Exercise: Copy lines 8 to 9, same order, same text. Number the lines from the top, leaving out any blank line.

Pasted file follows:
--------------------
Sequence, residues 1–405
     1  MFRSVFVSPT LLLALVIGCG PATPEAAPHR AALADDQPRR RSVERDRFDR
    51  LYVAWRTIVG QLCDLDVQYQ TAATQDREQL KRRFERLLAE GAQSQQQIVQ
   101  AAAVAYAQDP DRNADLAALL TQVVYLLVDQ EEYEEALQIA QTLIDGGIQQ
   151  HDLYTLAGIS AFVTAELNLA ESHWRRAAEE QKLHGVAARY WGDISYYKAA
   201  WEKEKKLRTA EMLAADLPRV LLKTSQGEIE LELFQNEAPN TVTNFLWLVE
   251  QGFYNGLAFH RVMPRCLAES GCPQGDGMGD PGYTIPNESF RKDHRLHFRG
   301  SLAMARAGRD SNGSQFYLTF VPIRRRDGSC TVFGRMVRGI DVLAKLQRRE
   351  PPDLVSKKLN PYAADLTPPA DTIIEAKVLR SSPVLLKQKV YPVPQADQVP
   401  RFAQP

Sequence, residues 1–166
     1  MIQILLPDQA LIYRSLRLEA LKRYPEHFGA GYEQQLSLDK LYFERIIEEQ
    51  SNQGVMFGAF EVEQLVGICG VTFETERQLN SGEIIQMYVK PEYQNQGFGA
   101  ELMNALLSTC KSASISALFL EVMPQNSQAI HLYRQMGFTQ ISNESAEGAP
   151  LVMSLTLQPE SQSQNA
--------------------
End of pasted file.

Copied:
   301  SLAMARAGRD SNGSQFYLTF VPIRRRDGSC TVFGRMVRGI DVLAKLQRRE
   351  PPDLVSKKLN PYAADLTPPA DTIIEAKVLR SSPVLLKQKV YPVPQADQVP